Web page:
MAR 20, 2017 01:11 PM PDT

Tool can Accurately Detect Single Nucleotide Variations in Individual Cells

WRITTEN BY: Carmen Leitch
2 5 646

When using cell culture models, scientists are usually analyzing whole populations of cells, averaging the effects seen in thousands of different cells. As technology has progressed in the field, there has been interest in learning more about what is happening at the level of individual cells. Many scientists think we are missing important details by focusing only on a huge picture. To zero in on single cells, powerful technology is required. Some of those needs have been met, but it is still an expensive process to assay changes in gene expression in one cell. New research from a company called SingulOmics is aiming to change that. They are working to improve sequencing for individual cells in order to detect somatic single nucleotide variations (SNVs).

Melanoma cells -podosomes (yellow) nuclei (blue) actin (red) actin regulator (gree) / Credit: NCI

Mutations in genetic information can come in a variety of types. Some involve large pieces of DNA, but many only alter one base pair in a gene. Some cells are carrying the genetic information we are born with, while some other cells might have experienced some changes to that genetic information; spontaneous mutations can happen to individual cells throughout a person’s lifetime. Most of the time those alterations, called somatic mutations, are harmless, but sometimes they have deleterious effects. They have also been linked to cancer. Improvements in sequencing technologies have allowed scientists to make connections between specific somatic mutations and cancer progression.

As such, the developers are eager to see this new technology as beneficial to cancer and drug research. Current methods result in many false positives, and the new work reported eliminating over 99 percent of errors, while maintaining high sensitivity levels.

Recently established genomics company SingulOmics Corporation, who published results from their techniques in Nature Methods, created the technology.

"This is really a game changer for our research. We are interested in studying low, physiological levels of somatic SNVs and other mutations in single cells, but these were simply drowning in the high background we experienced with published protocols or commercially available systems," commented Jan Vijg, Ph.D., Chair, Department of Genetics, Albert Einstein College of Medicine and an investor and co-founder of SingulOmics.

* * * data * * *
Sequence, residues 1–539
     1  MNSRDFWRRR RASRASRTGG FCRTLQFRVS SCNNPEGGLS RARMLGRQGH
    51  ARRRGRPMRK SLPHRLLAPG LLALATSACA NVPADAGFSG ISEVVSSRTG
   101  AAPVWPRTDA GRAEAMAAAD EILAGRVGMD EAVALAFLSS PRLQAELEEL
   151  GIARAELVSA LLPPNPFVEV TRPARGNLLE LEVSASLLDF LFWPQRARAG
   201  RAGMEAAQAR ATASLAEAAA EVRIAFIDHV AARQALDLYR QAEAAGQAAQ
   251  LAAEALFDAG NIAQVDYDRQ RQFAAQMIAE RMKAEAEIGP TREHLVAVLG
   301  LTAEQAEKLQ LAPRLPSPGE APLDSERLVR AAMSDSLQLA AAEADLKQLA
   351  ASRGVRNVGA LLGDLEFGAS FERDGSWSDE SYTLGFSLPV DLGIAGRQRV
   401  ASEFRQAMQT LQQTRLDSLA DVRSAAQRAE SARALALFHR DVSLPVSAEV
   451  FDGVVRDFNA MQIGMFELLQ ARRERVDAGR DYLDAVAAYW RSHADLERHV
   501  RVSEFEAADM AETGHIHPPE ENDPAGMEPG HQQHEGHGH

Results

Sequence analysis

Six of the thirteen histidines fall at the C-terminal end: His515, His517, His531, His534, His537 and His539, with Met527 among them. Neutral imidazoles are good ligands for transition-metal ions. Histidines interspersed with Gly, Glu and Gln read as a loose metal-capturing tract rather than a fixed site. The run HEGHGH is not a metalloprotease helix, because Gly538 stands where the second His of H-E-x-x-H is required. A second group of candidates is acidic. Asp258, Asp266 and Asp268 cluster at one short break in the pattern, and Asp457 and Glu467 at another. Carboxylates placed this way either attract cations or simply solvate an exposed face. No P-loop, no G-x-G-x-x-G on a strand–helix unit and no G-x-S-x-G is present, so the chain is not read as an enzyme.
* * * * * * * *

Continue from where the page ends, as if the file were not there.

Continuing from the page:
We are entering a single cell genomics era as the cost of human genome sequencing plummets. This new method allows researchers to unlock the full potential of single cell sequencing in cancer, drug development, and aging research and greatly expands the capability of researchers to explore the landscapes of somatic mutations in human and other organisms beyond the reach of other amplification techniques available to date.”

 

If you would like to know more about single cell sequencing, check out the above video from Illumina. You can learn more about somatic mutations in the video below.

 

Sources: AAAS/Eurekalert! via SingulOmics Corporation, Science, Nature Methods

About the Author
  • Experienced research scientist and technical expert with authorships on 28 peer-reviewed publications, traveler to over 60 countries, published photographer and internationally-exhibited painter, volunteer trained in disaster-response, CPR and DV counseling.
You May Also Like
MAY 27, 2018
Cell & Molecular Biology
MAY 27, 2018
Why Opioids Can't Always Reduce Chronic Pain
While opioids have been in use in North America since at least the time of the Civil War, we still don't know everything about them.
JUN 12, 2018
Cancer
JUN 12, 2018
CD44 Insights & Cancer Influence
CD44 is a known cell surface protein involved in numerous interactions; it is overexpressed in cancerous tissue and its isoforms are being investigated as targets for cancer immunotherapy
JUN 17, 2018
Cardiology
JUN 17, 2018
Microtubule Intervention to Reverse Heart Disease
Changes in the cellular structure of heart muscle cells have a large impact: past and present studies show that these types of changes can lead to heart fa
JUN 25, 2018
Immunology
JUN 25, 2018
An Emerging Chronic Food Allergy: Eosinophilic Esophagitis
There’s a new food allergy in town, and it seems that children with existing allergies at an increased risk of developing it. From the Children&rsquo
JUN 30, 2018
Cell & Molecular Biology
JUN 30, 2018
Printable Bone Grafts may Change Therapeutics
An unlimited supply of materials for transplants like bone grafts would be a game-changer.
JUL 08, 2018
Microbiology
JUL 08, 2018
Natural Molecule has a Potent Anti-inflammatory Impact
A compound that is naturally made by a bacterium called Francisella tularensis can impair the immune response.
Loading Comments...